Source: RBI Website
GDP Projections versus Actual Outcomes Actual real GDP for Q1 came in at 20.1%, below the April 2021 MPR projection of 26.2%, mostly due to the second wave of the pandemic which brought about restrictions.
Source: RBI Website PFCE – Private Final Consumption Expenditure GFCE – Government Final Consumption Expenditure GFCF – Gross Fixed Capital Formation
Balance of Risks Various factors such as domestic and international macroeconomic and financial conditions will affect the baseline projections of inflation and growth. Four factors will play a significant role in determining the trajectory of inflation and growth. Impact on inflation and growth trajectories, and deviation of each factor from the baseline are explained below.
(i) Global Growth Uncertainties
Global growth remains uncertain in view of the uneven spread of vaccination across countries and the more contagious variants of the virus. Global commodity prices have been quite volatile and the elevated uncertainty over the normalization of the U.S. monetary policy would pose uncertainties related to global growth.
If global recovery slips by 100bps below the baseline, the domestic growth rate and inflation could slide by around 40bps and 30bps, respectively. On the flip side, if global growth has a 100bps upside, the domestic growth rate and inflation could edge upward by around 40bps and 30bps, respectively.
(ii) International Crude Oil Prices
International crude oil prices have risen due to a sharp recovery in economic activity and improvement in global demand. OPEC+ countries are adhering to self-imposed production cuts.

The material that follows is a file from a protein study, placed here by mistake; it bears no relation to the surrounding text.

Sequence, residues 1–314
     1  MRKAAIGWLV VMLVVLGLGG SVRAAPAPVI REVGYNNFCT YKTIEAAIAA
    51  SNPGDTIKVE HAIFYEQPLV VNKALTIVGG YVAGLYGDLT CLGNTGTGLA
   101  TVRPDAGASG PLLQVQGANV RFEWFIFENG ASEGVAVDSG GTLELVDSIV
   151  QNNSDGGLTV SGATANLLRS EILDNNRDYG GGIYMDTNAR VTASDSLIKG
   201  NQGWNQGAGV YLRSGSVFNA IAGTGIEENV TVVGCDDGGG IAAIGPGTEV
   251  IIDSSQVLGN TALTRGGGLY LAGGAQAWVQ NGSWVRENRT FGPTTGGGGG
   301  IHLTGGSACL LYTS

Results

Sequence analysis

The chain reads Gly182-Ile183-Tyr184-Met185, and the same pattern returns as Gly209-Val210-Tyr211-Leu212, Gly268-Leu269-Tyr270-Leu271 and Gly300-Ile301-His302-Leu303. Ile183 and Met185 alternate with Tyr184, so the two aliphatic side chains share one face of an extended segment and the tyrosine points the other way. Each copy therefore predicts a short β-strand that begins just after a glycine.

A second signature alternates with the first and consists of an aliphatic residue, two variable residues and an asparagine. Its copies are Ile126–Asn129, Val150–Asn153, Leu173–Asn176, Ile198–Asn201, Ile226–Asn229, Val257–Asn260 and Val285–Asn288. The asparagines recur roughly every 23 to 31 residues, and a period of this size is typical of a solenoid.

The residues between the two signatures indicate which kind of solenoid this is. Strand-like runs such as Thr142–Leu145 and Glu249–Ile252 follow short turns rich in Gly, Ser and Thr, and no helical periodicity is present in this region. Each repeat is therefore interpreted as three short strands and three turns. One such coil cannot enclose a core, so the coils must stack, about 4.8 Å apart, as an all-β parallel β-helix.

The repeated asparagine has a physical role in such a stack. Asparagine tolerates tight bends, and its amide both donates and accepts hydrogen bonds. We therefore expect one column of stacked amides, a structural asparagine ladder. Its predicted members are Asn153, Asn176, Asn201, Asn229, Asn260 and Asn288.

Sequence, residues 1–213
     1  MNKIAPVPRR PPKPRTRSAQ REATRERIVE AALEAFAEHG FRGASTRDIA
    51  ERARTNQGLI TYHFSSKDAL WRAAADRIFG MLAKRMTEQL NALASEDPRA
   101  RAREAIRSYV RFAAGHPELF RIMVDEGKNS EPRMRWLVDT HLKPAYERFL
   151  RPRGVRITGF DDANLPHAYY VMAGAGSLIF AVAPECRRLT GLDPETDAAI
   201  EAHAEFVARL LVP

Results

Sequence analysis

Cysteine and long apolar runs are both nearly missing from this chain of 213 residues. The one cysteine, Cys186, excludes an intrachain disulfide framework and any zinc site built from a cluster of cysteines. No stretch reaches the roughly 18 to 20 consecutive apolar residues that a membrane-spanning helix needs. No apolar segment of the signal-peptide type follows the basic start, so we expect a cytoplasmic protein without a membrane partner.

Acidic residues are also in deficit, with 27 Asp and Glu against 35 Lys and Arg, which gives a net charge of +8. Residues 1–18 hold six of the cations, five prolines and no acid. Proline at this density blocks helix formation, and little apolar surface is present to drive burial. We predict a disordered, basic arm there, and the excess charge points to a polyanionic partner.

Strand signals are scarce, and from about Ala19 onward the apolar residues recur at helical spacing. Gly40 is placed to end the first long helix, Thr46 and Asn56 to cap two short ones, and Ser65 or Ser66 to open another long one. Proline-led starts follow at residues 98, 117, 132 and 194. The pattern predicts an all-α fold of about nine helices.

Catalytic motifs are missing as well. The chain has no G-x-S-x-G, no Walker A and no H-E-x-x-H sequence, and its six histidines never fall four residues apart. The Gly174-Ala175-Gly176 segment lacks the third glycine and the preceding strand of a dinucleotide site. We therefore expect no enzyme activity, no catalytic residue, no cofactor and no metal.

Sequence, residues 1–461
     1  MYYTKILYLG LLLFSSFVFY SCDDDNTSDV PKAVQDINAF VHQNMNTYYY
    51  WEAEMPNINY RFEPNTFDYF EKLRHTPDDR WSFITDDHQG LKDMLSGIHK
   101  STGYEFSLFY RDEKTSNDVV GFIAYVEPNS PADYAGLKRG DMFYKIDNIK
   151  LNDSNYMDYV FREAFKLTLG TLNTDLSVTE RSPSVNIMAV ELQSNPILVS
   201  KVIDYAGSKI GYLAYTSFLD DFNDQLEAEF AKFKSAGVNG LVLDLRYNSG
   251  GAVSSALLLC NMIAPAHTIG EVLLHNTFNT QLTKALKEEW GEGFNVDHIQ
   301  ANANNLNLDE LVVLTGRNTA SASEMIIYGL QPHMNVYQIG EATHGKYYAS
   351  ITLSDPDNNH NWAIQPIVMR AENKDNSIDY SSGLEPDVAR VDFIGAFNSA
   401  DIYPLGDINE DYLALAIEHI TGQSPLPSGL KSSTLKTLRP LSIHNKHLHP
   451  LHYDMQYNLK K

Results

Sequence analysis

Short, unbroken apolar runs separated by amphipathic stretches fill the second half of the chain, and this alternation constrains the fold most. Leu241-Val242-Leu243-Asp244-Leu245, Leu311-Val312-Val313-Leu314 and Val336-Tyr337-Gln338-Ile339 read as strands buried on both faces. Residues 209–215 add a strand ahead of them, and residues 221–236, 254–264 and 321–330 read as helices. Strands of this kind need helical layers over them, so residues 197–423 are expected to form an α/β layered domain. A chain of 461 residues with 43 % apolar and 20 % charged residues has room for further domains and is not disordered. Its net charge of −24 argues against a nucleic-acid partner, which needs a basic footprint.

On the supply side, if OPEC+ countries decrease production and geopolitical tensions rise, supply could be constrained, which would push up oil prices above the baseline. On the demand side, if COVID-19 subsides, global growth could accelerate, which would raise international crude oil prices.
Assuming crude oil prices to be 10% above the baseline, domestic inflation could rise 30bps and growth subside around 20bps over the baseline. Conversely, if the price of crude falls 10% relative to the baseline, inflation could ease by around 30bps while growth would have a boost of 20bps.
(iii) Exchange Rate Due to the global and domestic factors, the Indian rupee has exhibited two-way movements over the past six months. A 5% depreciation of the rupee from the baseline in such a scenario could raise domestic inflation by up to 20bps, while GDP growth could be higher by 15bps because of a boost to exports.
However, if the rupee appreciates by 5% relative to the baseline, the inflation and growth rates could moderate by around 20bps and 15bps, respectively.
(iv) Food Inflation